iu the West. Thos^ that have not, are now making ^fhvU to occupy
the ssme ground.

These institutions are the monuments of Indiana's benovolenoo,
sod it is your duty, as no doubt it will be. your pleasure, to sustain
them by liberal appropriations* Mo part of the burdens imposed oa
our people is paid with more cheerfulness. It is, however, indis-
pensable, that you provide suitable cJiecks io the eaqpenditure of tbe
public money thus appropriated. It may be worthy of your exam^
inatifm, whether tbe adoptioa of poinis .siMch provisioiis as follow,
would not ha beneficial;

1st That tbe SiiperintandeiMs and otbar.9$coni should g^ve bon4f



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HI

may come into lh6ir hands.

!^* That there should be ttdopud a bniloHh rale for the efocliott
6f Trustees for all the ihstltnttohst and that ho Bdard of Trusteed
should have the power to fill Tac^neies in their own body.

3d. That no Superintendent or oflker of these institutions aho^M
hold the office of Trustee.

4th. That in the dbbursemenl of funds to sustam ilfese institn*
tionsy the money should be paid out upon warrants, drawn by tbi
Auditor upon the Trearareir, to the persbn entitled to receive tiie
same; following the rdei as ftr afS prticticabfey by which payuitetls
tLtb now made to the o^icers of State.

The propriety of insuring these valuable buildihgs is worthy ot
your consideration.

The cultivation and improvement of our isoil is that upon wbidi
the other branches of business rely for support, and is the true souree-
6f all wealth. The system that adds to tfie stock of information iii
Agriculture will promote the welfare of the State, and deserves td
be encouraged by the Lmslative I>epartment

The establishment of a »tAte Board of Agriculture^ to consist, say,
ef nine miembers, for the express purpose of organizing a State A^-
ricoltnral Society, would be calculated to bring intb existence, in mb
seve^til counties of the State, County Societies, that Wbuldbe atrxU-^
inries to the State assoMttion.

We are an agricult\giral peopfo. Our climate, aoil, and isituationi
make us so ; and the adoption of a systeVn that will bring our peo^
pie together annuaHv at some point in the State, Where we can pre-*
sent the most vlilueble specimens of science and art, especially tiM
^efol in^entbns of labor-saving impiements of husbandry $ end6rs:
ing the character of the improvements; awHrding pt(miiums, eiUier
or money, diplomas or medals ; exhibiting the stock, grains, And
productions of 6ur State, would ho doubl create d spirit ^ emula'
tion in our pe<^le, and be well adapted to further the interests of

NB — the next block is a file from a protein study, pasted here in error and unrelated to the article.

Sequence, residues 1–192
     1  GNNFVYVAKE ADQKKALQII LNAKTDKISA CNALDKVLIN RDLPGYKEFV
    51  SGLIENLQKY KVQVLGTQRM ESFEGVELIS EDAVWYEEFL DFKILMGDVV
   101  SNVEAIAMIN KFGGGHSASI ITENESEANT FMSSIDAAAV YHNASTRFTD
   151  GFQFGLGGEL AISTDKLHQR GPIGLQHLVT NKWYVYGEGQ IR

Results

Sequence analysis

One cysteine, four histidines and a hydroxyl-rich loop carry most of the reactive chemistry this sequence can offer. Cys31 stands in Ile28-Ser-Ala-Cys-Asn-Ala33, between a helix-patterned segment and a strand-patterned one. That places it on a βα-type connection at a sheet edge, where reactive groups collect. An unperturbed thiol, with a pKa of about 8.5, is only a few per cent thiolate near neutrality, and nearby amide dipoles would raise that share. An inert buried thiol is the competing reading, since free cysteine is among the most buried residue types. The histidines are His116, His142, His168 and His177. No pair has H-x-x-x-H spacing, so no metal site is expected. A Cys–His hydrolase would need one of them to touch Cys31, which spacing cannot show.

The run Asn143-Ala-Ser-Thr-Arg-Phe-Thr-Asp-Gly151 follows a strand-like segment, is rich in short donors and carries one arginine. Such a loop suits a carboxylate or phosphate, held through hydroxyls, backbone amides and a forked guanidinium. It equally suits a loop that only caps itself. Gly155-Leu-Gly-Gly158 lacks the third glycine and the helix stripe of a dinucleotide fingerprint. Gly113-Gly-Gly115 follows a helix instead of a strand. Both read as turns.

our growing State.

We are not aware of the amount annnilly ex^iided by our peo«
f4e for stock, implements and productions of 6^er iStates, that can
be saved in a few years by the prqMr orgatriasathm of anch County
and State Agriculrural Societies.

To aid in this enterprise, it h suggested, tftal the tax collected
upon travelling circuses, menageries, and public shoWr, in this States
be paid to the County Treasuiers, thence into the State TrbaSUrV, to
be set apart expressly as a fond at the disposal of the SUite Bbetd of
Agriciulture, to pay premiums at the annual Mrs.

It is believed that you can saMy appropriate one thousand dollaitr
tb this purpose in antici^tton of the receipts (Mia this sotitrce thD
cotriing yeat.

I mention Witti pttasuHs, M Ab oeeiaiM, tM fact that a few ef
the enterpruiuff citizens of Indiana are preparito td attend the gM3
industHal exhibiUen of tH netiM^ tt Leiidott, m May next, and te



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10»

dirry iMrift Uietn spacfmiiifs oF their iUdfi kai labor, add samples o?
tbe proditeti<ms of otr soH. The propriety of etpressihg* in som^
)irop>er itaViher, your approbation of stich ttk ehterprise is worthy
6f yoor cofisidaratioia.

Tout attention til asain earhestty invited to the importance ot

Srovidh^for a tliorou^ geological and topographical survey of the
tate. The interests of agriculture, manufactures and commercef
alike demand it. That Inmana is rich in mineral wealth is a fact
that each succeeding year more and more demonstrates. We havip
vast beds of coal and iron, and recent developments indicate that
we have many of tbe more precioufs metals. When we shall send
oat men of high scientific attainments to explore our hills and our
prairies, to analyse our ores and our soils, and lay barie the hoW
eokicealed riches of our mines, we shall havie takeb the first and
nuist irtiportant step in that great race of industrial progress which
w31 place Iiidiana in her true attitude. Her position oh the map
of thb great valley is commanding; and if, under a kind Provi*
dence, we escape the perils that threaten to separate us from the

G«t sisterhood of States, whose interests are so olended by geoloff:
U geogl^pbical and commerciial affinities, the next ten years will
place her, as an agricultnral and it manufacturing State, by the sidd
of Pennsylvania.

Out ipc»licy is to rely unoh oiir own resources hither than upon
any aid from the General Government* While we do thli, our in-
terests are undisturbed by the shocks isind struggles of political par-
ties. Our strength and our independence He in our great agricultu-
ml and manufacturing resources. ' We wabt more wowledge — vri
Want a map whid)i not ohly defines our t)OunN[aries — pur area— our
corporate subdivisions, and the course of bur rivers; — but we want
a map which will tell us the depth of our coal seams — the best lo-
calities for our iron furnaces-^tne extent and value of our marble
and stone cpiaifies-^the woith of our exhaustless quantities of tim«
ber, and the true cbaractrtr of our soils. We are now groping id
eomparatrve dariAiess ; and while otKei* States, by thd aid of science^
are unfolding neif and hitherto unknown elemek^ts of wealth, wd
are trasting these interests tb chatvce and individual ehterpiise.

I submit to you, "Whethef*, if we regard the measuHe in the light ot
mete revenue alone, it is not worthy of your deliberate and favora^
Me conskleratioii. And while looking at the cost of the work, you
will not fail to see, that in a fbw years it Wotild bring such an in«